The Matrix Reloaded
The words 'eagerly-awaited' hardly convey the anticipation for The Matrix: Reloaded, due in cinemas in May. Judy Sloane attended the launch of the spectacular Anime version - Animatrix - and found out more...
On a chilly night in Los Angeles, the cast and crew of The Matrix, plus guests, walked down a red carpet on the Warner Brothers' studio lot and entered the Ross Theatre to view one of the nine Animatrix movies that will be released on DVD following the première of Matrix: Reloaded. The nine-minute film, The Final Flight of the Osiris, which was written by the Wachowski brothers, mixes CG-animation and Japanese anime, and is directed by Andy Jones, who helmed the astonishing photo-real CGI in Final Fantasy. The only guidelines for this film were "to make it sexy and fun," says Jones. "Also they wanted to keep it as realistic as possible in terms of what they'd developed and what they'd created with the first movie. We had to make sure it lived within that world. It takes place right before the second film, so you do have to know what it means to go into the Matrix, and all the stuff they set up in the first movie, to understand this."
The Final Flight of the Osiris improves on the extraordinary work Jones achieved with Final Fantasy. "I think in terms of technology and the animation, Final Fantasy was pretty phenomenal," he acknowledges. "We've pushed up the animation with this one a little bit. We used a lot of motion capture, as well as key-frame animation, very similar techniques that we did for Final Fantasy. But we were able to do a lot more. In Final Fantasy we never saw skin, and in this one, in the opening sequence you see skin right away!"
Perhaps the most enthusiastic spokesperson for The Matrix, in all its incarnations, is the movie's producer, Joel Silver. "If you just see the movie by itself, then I am sure you will love the film. But there are all these other available avenues of content - The Final Flight of the Osiris will open theatrically with the movie Dreamcatcher on March 21. And then there is the rest of the series of short films of The Animatrix - one begins streaming tonight on our website www.whatisthematrix.warnerbrothers.com) and is available free to our fans. Then there is the videogame Enter the Matrix, which incredibly interconnects with all that has happened so far in the movie. You have scenes that the Wachowski brothers have written and directed for the videogame that are not in the film, but connect to the movie. So there are all these other streams of stories - if the audience wants to find more information, then it is available to them."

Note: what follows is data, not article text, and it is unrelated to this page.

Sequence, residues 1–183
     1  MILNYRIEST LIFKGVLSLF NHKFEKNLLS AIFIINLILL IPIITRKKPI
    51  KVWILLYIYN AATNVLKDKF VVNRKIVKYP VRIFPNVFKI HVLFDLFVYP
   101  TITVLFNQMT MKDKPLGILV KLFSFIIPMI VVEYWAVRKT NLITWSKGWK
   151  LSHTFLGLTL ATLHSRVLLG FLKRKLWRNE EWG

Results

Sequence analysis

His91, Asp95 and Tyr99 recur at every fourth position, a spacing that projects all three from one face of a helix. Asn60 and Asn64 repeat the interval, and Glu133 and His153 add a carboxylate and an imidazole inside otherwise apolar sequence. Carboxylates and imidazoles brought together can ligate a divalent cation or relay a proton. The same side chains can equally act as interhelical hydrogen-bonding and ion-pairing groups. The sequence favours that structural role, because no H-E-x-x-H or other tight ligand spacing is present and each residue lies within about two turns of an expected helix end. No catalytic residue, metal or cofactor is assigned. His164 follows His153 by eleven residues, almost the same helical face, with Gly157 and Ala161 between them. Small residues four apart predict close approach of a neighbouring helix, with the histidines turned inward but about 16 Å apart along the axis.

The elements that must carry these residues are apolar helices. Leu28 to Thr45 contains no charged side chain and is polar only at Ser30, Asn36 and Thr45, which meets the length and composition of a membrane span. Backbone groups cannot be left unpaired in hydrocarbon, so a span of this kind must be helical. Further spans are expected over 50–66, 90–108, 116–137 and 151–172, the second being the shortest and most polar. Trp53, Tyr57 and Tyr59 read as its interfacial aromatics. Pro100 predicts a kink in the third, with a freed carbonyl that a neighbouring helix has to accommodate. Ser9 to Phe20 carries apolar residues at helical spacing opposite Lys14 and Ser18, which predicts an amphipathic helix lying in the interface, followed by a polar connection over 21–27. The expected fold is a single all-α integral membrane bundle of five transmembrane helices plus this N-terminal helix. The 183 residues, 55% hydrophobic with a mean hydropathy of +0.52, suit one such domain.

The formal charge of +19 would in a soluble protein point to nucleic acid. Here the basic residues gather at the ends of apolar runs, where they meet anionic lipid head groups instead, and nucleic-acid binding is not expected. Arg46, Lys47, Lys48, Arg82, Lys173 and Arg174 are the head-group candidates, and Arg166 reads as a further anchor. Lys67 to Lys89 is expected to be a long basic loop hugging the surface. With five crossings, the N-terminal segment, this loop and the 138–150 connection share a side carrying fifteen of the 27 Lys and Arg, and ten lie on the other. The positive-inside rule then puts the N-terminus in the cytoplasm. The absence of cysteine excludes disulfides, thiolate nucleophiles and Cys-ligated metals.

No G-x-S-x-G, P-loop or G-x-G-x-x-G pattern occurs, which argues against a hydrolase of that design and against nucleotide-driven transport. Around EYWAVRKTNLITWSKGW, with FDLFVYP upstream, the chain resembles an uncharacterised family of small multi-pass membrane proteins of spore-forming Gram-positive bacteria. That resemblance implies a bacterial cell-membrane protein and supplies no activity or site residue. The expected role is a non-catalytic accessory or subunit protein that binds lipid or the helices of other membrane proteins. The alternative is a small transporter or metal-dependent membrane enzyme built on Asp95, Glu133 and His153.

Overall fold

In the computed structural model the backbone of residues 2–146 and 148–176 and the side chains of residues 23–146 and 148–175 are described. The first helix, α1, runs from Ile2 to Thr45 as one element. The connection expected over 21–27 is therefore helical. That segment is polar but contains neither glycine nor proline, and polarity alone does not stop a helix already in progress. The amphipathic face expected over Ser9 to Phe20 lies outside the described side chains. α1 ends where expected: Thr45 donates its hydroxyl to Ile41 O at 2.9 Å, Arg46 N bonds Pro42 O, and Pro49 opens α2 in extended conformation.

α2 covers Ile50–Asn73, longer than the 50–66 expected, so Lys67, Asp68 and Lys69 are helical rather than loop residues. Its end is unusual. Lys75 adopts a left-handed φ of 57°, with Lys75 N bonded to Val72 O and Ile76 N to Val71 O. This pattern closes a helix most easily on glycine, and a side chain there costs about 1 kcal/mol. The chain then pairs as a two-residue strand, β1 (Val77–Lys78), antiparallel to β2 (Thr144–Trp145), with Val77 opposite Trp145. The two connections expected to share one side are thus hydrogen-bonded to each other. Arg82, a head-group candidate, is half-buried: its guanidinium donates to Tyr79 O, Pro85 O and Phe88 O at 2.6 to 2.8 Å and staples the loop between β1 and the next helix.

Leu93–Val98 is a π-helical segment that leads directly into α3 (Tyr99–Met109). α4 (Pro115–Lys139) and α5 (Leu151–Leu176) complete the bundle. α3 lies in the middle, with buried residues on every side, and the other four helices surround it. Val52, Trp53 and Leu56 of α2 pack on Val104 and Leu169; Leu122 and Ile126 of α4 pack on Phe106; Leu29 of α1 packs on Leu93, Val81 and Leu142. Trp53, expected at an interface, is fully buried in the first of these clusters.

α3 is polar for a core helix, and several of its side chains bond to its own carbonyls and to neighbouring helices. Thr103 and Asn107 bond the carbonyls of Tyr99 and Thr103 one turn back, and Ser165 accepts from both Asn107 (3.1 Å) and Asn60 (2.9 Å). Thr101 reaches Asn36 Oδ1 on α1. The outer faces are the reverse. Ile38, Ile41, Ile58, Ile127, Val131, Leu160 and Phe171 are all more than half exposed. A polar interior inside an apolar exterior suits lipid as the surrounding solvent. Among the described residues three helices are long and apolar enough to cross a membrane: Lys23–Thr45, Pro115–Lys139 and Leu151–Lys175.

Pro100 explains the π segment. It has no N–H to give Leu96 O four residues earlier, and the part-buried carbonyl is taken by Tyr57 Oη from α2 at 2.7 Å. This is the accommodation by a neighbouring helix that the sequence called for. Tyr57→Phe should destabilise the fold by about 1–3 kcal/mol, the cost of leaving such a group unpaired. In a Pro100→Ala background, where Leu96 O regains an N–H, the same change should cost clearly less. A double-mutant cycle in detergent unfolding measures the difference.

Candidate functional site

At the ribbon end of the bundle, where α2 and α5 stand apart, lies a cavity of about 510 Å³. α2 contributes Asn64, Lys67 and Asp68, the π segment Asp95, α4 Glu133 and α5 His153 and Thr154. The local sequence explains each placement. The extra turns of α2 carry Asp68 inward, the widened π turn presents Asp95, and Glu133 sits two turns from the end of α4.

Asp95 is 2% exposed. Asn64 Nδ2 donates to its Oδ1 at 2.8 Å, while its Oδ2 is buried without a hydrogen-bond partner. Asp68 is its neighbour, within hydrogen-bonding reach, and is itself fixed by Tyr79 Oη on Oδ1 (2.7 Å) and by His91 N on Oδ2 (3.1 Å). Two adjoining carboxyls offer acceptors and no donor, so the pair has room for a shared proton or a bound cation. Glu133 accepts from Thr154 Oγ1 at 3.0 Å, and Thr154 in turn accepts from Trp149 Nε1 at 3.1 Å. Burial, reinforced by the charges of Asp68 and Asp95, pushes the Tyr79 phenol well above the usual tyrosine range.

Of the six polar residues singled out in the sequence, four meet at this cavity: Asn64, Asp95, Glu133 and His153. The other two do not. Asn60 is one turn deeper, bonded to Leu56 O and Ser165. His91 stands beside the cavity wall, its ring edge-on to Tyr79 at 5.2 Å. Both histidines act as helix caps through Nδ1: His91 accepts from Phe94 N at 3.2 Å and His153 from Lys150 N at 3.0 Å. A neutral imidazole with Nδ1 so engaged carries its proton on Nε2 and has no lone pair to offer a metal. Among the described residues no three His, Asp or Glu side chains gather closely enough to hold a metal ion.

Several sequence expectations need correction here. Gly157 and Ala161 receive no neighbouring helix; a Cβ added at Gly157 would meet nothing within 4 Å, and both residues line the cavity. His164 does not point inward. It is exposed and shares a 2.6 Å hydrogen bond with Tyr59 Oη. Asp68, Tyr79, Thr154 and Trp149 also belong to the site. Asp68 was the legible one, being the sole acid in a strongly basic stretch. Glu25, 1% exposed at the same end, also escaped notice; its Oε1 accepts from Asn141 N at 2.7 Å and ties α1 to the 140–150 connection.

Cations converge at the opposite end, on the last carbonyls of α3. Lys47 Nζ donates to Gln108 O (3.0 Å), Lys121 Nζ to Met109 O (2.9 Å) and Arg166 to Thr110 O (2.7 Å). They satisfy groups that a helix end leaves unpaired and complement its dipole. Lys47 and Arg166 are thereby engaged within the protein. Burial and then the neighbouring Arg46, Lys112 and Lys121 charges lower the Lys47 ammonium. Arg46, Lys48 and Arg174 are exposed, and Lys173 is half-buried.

The game, which can be sampled at www.enterthematrix.com, was the brainchild of the Wachowski Brothers. "They always wanted to do this," says Silver. "They are very connected to what is going on, they play videogames, and they just felt that this was a good opportunity to enhance the movie experience by adding more content, and they did a wonderful job. The short films are spectacular and the game is unbelievable. And it will continue on into the movie."
In a unique marketing move,, the final movies in the Matrix trilogy will both be released this year. "We don't think the fans are going to want to wait for the next film," remarks Silver. "When I saw The Lord of the Rings: The Two Towers, I didn't want to wait a year to see the sequel." What can we expect from Matrix Reloaded? "There's one incredible fight sequence that took almost two years to create," responds Silver, "and that's why I always say no one can copy us, either because of cost or time. Not many films can spend two years dealing with one sequence."
Spending two years filming the movies was an achievement for the actors as well, as Laurence Fishburne confirms, "It was so long that we went through so many things. There was the excitement of doing it, there was the tragedy of losing Aaliyah (in a plane crash before she began shooting), then there was the speculation about who'd replace her, then there was the tragedy of September 11th and trying to get over that, and then being away from home in Australia for so long, and being glad to be home for Christmas, and then coming back and wanting to finish! But the joys of it we were doing something that's ground-breaking and wonderful, and something that people are really looking forward to seeing."
For Nona M Gaye, who replaced Aaliyiah in the movie, it was truly a bittersweet experience. "When I came to Australia everybody was so nice to me and made me feel welcomed and at home. Aaliyah's memory was on the set the whole time. My speaking on it too much makes me feel a little bit uncomfortable. All I can do is say how much I honour the fact that I was able to do this, and I would never think of saying that I could do as good a job as she could have done it. All I can hope for is that people will accept it."